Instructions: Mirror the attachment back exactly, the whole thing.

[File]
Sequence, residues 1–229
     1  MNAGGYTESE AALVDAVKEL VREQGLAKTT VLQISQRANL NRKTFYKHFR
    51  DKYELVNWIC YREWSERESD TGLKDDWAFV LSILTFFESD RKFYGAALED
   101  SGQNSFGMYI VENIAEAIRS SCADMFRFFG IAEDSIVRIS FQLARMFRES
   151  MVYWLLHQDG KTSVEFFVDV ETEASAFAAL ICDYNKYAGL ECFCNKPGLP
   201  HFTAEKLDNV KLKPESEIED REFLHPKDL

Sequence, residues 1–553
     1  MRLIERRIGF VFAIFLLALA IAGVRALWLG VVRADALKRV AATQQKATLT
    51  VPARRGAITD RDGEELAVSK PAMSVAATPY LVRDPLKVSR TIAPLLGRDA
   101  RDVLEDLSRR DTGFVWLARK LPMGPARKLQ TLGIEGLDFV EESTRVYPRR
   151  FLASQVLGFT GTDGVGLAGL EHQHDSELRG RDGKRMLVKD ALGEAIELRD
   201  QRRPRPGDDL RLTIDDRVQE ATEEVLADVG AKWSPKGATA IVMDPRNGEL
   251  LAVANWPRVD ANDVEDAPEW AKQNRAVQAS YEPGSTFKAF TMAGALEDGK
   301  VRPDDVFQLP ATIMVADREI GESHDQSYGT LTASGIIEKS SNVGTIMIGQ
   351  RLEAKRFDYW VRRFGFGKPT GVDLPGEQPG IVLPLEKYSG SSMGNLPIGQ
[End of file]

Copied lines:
Sequence, residues 1–229
     1  MNAGGYTESE AALVDAVKEL VREQGLAKTT VLQISQRANL NRKTFYKHFR
    51  DKYELVNWIC YREWSERESD TGLKDDWAFV LSILTFFESD RKFYGAALED
   101  SGQNSFGMYI VENIAEAIRS SCADMFRFFG IAEDSIVRIS FQLARMFRES
   151  MVYWLLHQDG KTSVEFFVDV ETEASAFAAL ICDYNKYAGL ECFCNKPGLP
   201  HFTAEKLDNV KLKPESEIED REFLHPKDL

Sequence, residues 1–553
     1  MRLIERRIGF VFAIFLLALA IAGVRALWLG VVRADALKRV AATQQKATLT
    51  VPARRGAITD RDGEELAVSK PAMSVAATPY LVRDPLKVSR TIAPLLGRDA
   101  RDVLEDLSRR DTGFVWLARK LPMGPARKLQ TLGIEGLDFV EESTRVYPRR
   151  FLASQVLGFT GTDGVGLAGL EHQHDSELRG RDGKRMLVKD ALGEAIELRD
   201  QRRPRPGDDL RLTIDDRVQE ATEEVLADVG AKWSPKGATA IVMDPRNGEL
   251  LAVANWPRVD ANDVEDAPEW AKQNRAVQAS YEPGSTFKAF TMAGALEDGK
   301  VRPDDVFQLP ATIMVADREI GESHDQSYGT LTASGIIEKS SNVGTIMIGQ
   351  RLEAKRFDYW VRRFGFGKPT GVDLPGEQPG IVLPLEKYSG SSMGNLPIGQ